Student loan payments are a serious debt problem for thousands of Americans. The amount of student loan debt in our country exceeds the amount of credit card debt. Only the amount owed on mortgage loans exceeds student loan debt in the United States.
One of the reasons that student loan debt is a growing problem for many individuals is that student loan debt is usually not dischargeable in a bankruptcy case. Therefore, if a person files for bankruptcy relief to get a fresh start after a financial hardship, that fresh start is hampered by student loan debts. Depending on the amount of the student loan debt and the terms of the loan, a person could pay for ten or twenty years to satisfy the debt.
If you or a loved one has any questions regarding student loans, please contact the 602 Law Group today. Our Anthem student loan attorney assists individuals who might qualify for a hardship discharge seek relief from that burden of student loan debt.
Chapter 7 Student Loan Hardship Discharge
It is a bankruptcy myth that student loan debt is never dischargeable. There are cases in which a debtor may qualify for a hardship discharge of student loan debt. The debtor must file a motion requesting the hardship discharge, as it is not automatic.
A New York bankruptcy judge indicated in a recent court decision that the judge refused to participate in continuing to maintain the myth that student loan debt is never discharged in bankruptcy. The judge applied the Brunner test, which is used by judges throughout the country when deciding motions for a hardship discharge of student loan debt.
The Brunner test consists of three factors for a judge to consider when deciding whether a debtor should be allowed to discharge student loan debts in a bankruptcy case. If you are facing potential bankruptcy, an Anthem bankruptcy lawyer can help navigate your legal case.
The three factors used to determine whether you can discharge your student loan debt are:
- Standard of Living Test — The judge considers whether the debtor can maintain a minimal standard of living for the debtor and the debtor’s dependents if the debtor must continue paying the student loan payments.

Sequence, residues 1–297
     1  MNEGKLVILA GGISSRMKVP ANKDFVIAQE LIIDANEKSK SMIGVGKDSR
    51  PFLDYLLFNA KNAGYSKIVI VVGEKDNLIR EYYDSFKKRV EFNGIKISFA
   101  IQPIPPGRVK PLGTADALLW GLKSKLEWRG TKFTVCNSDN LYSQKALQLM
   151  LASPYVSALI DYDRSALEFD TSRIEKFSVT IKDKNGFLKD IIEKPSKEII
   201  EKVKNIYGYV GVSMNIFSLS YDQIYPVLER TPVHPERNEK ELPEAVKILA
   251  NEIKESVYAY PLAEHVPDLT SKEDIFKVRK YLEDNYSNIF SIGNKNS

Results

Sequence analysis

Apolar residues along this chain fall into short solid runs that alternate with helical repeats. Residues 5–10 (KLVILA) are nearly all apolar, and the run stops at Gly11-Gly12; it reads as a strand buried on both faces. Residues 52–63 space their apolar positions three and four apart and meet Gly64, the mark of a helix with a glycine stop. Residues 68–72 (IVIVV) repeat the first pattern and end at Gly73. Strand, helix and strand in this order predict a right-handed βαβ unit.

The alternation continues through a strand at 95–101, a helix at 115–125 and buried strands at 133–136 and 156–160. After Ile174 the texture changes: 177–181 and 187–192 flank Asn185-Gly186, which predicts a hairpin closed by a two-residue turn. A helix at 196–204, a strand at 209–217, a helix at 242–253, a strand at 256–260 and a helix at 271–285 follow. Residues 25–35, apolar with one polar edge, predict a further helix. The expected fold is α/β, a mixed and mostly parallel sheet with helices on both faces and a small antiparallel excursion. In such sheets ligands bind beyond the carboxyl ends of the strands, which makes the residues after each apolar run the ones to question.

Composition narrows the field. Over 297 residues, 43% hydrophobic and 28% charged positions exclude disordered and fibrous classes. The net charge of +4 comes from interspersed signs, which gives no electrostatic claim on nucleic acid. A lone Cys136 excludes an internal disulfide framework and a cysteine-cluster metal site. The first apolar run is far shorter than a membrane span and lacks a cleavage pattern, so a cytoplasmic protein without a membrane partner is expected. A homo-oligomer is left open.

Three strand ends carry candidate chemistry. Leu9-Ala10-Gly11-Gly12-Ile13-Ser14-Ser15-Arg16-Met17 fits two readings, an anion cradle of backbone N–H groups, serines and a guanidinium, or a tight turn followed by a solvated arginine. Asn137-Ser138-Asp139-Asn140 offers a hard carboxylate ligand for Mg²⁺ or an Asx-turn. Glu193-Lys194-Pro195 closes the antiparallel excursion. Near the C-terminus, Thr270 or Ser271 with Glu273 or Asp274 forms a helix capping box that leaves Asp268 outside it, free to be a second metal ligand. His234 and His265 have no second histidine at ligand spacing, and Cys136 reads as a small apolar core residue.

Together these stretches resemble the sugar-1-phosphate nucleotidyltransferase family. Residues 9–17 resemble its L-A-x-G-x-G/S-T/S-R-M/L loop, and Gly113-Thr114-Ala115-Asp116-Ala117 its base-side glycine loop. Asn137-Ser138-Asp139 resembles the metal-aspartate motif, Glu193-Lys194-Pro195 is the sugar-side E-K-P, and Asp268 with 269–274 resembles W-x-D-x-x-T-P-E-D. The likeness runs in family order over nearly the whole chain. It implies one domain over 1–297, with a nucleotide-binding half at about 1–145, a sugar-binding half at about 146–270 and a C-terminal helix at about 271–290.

- Continued Financial Status Test — The judge determines whether there is sufficient evidence to prove that the debtor’s current financial state will continue during all or a considerable portion of the repayment period of the student loan.
- Prior Payments Test — The final test reviews the student loan payment history by the debtor. The judge needs to see evidence that the debtor has made a good faith effort to repay the student loan debt.
In many cases, a debtor whose financial state is likely to continue may qualify for the hardship discharge if the debtor has been making a good faith effort to repay the student loan payments.
Becoming permanently disabled is a common reason why a person may be granted a hardship discharge for student loans. The person’s state of affairs is not likely to change because the disabling condition is permanent and prevents the person from working. Another reason may be a parent who has to give up a career to care for a disabled child or spouse because there are no other caregivers or resources to pay caregivers.
Each motion for a hardship discharge of student loans is judged based on the unique facts and circumstances of the case. Also, judges have a certain amount of discretion when applying the factors of the Brunner test because there are no standard formulas. Therefore, it can be difficult to know what a judge might decide.
Contact Our Anthem Student Loan Lawyers for More Information
If you are struggling with student loan debt, you may have several options. Our lawyers can review your loans and discover various options for repaying student loans. We can also look at bankruptcy options that might provide sufficient debt relief to handle your student loans.
Call 602 Law Group at 602-562-5000 to request a free consultation with an Anthem student loan lawyer.